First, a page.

Empowered humility

Empowerment and humility sound like opposites, but in good remote work cultures, empowered humility keeps the wheels turning.

A person who feels empowered doesn’t wait for permission to investigate a potential innovation or to take care of a project. Empowered people know they have the backing of their colleagues and leaders, so they jump into their work confident in that support. Humble people, meanwhile, recognize that the best work happens during the collaboration phase, not the ideation phase. People who work with humility knock out awesome projects, then turn around and take a critical eye to their own work (and invite constructive criticism from others) without taking that criticism personally.

Put empowerment and humility together, and you have a team of people who feel supported both when taking the initiative and taking feedback.

Asynchronous workflows

Last year, we posted a detailed guide to asynchronous work that became one of our most popular posts. Teams in different time zones can’t afford to clog up their workflows with processes that demand in-the-moment collaboration with others. Sure, sometimes two people must sync up to make something happen, but in most cases, asynchronous workflows make life easier for everyone.

Asynchronous work is a simple concept: Do as much as you can with what you have, document everything, transfer ownership of the project to the next person, then start working on something else. In remote work cultures, this combination of documentation and clear handoffs ensures the next person can pick up where the first left off with minimal difficulty. Though commonly considered to be an engineering practice, asynchronous workflows help everyone from marketers to HR professionals manage their workloads efficiently.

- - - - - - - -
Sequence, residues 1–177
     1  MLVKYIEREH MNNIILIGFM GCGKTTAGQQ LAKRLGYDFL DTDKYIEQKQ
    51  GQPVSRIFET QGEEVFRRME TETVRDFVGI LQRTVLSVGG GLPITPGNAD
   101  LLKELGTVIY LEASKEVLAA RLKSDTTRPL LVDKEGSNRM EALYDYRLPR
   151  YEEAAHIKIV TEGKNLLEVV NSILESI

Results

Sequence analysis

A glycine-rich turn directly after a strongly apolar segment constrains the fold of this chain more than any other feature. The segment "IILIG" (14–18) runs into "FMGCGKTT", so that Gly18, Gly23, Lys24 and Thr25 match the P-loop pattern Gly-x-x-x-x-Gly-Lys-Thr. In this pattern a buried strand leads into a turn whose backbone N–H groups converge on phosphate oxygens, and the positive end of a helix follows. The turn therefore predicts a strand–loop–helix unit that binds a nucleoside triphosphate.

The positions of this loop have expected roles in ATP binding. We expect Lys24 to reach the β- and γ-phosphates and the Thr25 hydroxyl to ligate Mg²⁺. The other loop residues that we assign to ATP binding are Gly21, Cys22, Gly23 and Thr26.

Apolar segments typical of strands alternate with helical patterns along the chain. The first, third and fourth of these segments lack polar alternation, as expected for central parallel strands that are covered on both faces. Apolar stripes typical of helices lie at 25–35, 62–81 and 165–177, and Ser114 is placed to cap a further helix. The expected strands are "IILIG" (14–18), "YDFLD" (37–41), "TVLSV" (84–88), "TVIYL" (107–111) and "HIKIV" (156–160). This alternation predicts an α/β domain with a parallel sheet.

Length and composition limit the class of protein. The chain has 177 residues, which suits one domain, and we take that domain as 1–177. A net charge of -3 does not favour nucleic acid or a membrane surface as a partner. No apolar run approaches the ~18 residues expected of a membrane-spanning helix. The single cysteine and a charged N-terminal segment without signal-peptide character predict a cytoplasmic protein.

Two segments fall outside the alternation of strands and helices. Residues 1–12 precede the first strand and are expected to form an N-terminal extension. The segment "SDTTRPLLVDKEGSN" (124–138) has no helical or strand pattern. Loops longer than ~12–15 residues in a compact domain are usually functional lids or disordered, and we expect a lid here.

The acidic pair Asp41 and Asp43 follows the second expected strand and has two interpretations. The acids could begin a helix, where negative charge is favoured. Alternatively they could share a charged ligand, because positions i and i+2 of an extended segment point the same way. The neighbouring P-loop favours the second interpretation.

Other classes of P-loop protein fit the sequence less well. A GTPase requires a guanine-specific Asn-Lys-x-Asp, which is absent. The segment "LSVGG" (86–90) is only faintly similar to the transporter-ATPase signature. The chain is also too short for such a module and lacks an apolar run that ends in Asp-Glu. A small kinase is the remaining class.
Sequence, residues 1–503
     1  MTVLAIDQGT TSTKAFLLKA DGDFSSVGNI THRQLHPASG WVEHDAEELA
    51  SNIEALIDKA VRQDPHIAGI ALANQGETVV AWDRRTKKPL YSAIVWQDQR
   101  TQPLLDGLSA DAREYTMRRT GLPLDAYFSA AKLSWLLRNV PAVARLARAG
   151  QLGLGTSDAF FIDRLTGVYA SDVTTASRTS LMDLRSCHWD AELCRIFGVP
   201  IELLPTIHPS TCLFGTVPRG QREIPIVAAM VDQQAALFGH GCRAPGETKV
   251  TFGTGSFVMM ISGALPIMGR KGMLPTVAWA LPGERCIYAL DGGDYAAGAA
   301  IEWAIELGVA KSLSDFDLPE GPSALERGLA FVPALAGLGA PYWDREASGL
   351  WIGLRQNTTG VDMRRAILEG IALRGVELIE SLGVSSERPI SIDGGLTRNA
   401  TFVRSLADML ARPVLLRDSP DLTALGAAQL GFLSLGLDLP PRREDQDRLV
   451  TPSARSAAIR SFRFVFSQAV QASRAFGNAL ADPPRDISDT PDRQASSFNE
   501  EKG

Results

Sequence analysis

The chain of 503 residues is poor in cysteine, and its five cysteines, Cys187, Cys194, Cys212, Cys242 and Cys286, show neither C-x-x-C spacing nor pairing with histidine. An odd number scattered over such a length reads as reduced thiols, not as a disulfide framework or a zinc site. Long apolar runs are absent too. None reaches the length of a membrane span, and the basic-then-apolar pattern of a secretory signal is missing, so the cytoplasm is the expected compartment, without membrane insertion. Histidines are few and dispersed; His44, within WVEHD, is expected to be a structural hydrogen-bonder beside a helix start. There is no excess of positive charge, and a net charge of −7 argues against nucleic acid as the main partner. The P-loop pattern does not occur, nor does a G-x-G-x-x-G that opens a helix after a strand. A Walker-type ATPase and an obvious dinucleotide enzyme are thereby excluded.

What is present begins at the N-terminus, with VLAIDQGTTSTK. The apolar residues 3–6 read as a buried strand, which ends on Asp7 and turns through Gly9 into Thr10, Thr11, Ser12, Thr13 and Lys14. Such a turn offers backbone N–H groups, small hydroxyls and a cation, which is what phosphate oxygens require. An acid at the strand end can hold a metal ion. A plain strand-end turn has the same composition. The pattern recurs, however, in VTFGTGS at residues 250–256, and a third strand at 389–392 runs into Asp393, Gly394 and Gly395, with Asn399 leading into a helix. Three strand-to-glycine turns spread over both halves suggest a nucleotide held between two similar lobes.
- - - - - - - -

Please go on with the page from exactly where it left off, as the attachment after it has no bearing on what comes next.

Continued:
Variety in connectivity

Remote believes strongly in the value of diverse perspectives. Our global team consists of members with different backgrounds from several different countries. We work toward a common goal with shared, documented values, but we don’t just want to work together — we want to get along. Teams separated by thousands of miles (or kilometers, for many of us) do better when everyone feels welcome.

Tools like Slack and Zoom make daily communication easier, but true cohesion requires proactive effort. Our whole team meets once per day to share important updates and answer the Question of the Day, which can range from the serious to the seriously weird. Anyone can contribute an idea for our product, blog, social media, or company operations, which we maintain on Notion, and everyone is welcome to call out practices or communications that may deviate from our commitment to inclusivity.

Remote work culture isn’t just about staying active on a messaging platform or playing games together (though we do that, too). The best remote organizations recognize that supportive cultures arise from the deliberate efforts of everyone involved and make it easy for leaders and employees to participate. As we help build a world with more remote jobs, we also want to ensure the remote teams of the future have everything they need to thrive.